When an Earnings Treat Is Actually a Trick: 2 Misleading Figures to Look Out For
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That’s because Wall Street analysts have been busy slashing earnings per share (EPS) forecasts for S&P 500 stocks by the most since early 2020 during the COVID-19 stock market crash.
It’s really no surprise, given the declining U.S. economic growth in the first half of this year. Plus, analysts do typically trim their EPS forecasts just before quarter’s end. In effect, they lower the bar, making it easier for companies to beat by a penny or so.
But still, recent cuts have been deeper than usual.
In fact, analysts cut EPS estimates 6.6% over the past three months. That’s twice as much as the typical estimate cut of 3.3% on average over the past 10 years.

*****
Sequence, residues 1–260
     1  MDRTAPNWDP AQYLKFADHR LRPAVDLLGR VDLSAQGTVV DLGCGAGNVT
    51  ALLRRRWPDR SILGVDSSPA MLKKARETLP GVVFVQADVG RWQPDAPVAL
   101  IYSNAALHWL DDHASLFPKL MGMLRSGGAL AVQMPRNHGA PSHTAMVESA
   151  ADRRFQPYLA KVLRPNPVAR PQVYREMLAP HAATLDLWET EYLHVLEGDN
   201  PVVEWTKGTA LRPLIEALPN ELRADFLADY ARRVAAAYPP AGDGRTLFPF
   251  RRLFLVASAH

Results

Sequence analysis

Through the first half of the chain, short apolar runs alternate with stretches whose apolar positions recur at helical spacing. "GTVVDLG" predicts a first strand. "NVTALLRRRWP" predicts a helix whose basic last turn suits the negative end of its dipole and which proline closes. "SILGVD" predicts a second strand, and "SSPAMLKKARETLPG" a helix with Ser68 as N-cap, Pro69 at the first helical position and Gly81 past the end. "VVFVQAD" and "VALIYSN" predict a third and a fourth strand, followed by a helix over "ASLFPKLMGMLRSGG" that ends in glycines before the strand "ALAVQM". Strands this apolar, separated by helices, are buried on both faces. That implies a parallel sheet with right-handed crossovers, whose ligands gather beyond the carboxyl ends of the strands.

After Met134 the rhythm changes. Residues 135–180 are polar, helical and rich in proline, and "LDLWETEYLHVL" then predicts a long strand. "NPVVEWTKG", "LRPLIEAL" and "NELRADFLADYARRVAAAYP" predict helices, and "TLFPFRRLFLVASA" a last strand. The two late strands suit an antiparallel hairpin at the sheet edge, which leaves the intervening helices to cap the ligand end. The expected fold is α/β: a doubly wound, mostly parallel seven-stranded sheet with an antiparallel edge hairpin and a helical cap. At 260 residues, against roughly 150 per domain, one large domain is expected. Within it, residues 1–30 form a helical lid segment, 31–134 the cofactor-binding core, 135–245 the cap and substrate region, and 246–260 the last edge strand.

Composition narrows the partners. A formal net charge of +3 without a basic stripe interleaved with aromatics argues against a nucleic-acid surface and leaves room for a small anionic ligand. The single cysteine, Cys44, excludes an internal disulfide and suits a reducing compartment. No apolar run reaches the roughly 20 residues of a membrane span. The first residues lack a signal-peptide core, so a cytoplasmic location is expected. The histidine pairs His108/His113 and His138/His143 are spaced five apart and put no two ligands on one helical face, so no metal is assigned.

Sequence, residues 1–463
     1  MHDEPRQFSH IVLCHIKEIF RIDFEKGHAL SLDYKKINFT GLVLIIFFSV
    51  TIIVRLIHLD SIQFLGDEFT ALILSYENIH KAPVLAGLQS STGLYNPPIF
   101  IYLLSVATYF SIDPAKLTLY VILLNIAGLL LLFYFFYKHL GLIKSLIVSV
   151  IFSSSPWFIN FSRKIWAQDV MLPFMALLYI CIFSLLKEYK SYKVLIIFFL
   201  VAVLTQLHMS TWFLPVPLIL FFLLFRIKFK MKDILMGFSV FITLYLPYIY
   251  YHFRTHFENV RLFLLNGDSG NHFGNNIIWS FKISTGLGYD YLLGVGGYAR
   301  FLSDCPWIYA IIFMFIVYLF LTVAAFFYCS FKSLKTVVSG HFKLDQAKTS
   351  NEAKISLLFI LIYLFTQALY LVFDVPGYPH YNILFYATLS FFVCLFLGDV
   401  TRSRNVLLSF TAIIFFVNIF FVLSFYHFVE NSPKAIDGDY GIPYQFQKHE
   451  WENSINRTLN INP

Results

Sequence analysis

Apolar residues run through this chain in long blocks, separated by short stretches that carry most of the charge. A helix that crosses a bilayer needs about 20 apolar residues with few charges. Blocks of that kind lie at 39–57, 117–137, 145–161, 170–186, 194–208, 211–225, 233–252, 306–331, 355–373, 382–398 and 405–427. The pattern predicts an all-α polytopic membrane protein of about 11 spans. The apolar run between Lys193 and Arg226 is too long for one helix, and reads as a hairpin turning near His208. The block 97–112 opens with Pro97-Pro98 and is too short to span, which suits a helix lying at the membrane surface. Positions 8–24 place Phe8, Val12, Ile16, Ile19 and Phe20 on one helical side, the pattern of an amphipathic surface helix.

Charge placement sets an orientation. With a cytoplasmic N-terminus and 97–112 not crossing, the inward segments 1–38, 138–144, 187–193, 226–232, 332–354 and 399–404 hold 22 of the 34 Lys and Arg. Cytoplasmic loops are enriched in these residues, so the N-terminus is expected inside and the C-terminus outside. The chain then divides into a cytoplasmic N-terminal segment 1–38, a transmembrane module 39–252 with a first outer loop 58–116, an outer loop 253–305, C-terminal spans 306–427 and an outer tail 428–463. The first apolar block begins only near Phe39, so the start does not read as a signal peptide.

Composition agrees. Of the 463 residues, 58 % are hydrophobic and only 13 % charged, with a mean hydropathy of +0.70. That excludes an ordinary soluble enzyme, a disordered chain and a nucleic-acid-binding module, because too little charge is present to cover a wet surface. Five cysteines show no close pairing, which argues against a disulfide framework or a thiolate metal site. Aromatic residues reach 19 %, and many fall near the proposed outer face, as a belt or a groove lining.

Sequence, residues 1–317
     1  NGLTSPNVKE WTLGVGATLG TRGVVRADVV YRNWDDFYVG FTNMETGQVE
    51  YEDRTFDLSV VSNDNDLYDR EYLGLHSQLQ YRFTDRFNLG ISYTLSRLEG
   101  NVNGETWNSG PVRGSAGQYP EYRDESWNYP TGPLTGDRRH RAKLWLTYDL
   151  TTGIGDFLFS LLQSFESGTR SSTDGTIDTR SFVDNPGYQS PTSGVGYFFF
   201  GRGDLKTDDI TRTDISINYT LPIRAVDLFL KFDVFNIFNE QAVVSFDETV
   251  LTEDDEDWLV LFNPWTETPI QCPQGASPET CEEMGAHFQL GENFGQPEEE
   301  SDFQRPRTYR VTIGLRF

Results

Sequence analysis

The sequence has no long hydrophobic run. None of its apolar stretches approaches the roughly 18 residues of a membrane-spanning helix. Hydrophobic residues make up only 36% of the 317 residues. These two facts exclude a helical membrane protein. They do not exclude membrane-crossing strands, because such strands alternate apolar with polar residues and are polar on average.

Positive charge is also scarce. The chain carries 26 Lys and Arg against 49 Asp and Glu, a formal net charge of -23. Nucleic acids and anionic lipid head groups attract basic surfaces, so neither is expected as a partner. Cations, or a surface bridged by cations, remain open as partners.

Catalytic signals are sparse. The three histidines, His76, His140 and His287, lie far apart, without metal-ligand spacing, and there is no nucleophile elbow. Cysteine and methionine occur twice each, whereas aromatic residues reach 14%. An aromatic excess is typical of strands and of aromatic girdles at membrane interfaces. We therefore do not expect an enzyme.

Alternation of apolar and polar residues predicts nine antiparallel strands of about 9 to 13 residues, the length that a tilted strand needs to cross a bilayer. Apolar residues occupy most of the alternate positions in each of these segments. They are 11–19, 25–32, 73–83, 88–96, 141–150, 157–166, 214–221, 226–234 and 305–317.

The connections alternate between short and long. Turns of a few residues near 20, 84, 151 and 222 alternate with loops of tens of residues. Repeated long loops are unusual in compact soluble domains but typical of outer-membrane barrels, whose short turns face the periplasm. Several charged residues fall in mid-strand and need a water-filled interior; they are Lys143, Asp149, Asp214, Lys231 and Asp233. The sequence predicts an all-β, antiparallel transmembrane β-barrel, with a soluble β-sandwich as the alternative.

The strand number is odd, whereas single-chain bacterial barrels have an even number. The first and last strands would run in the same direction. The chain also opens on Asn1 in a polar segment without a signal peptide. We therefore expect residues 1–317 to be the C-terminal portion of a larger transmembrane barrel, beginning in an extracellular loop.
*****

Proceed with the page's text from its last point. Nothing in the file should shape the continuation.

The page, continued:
Prior to the monster earnings decline during the COVID-19 pandemic, the last time EPS estimates were cut so deeply was during 2019, as you can see in the chart above.
Then, like now, the Federal Reserve was aggressively raising interest rates, and markets worried that the Fed might tighten us right into a recession.
A recession almost always means falling corporate profits, which is why Wall Street is lowering forecasts so deeply, trying to stay ahead of the curve.
The current forecast from the Street calls for EPS growth of just 2.4% for the third quarter of 2022. That’s down from 9.9% expected profit growth as of the end of June.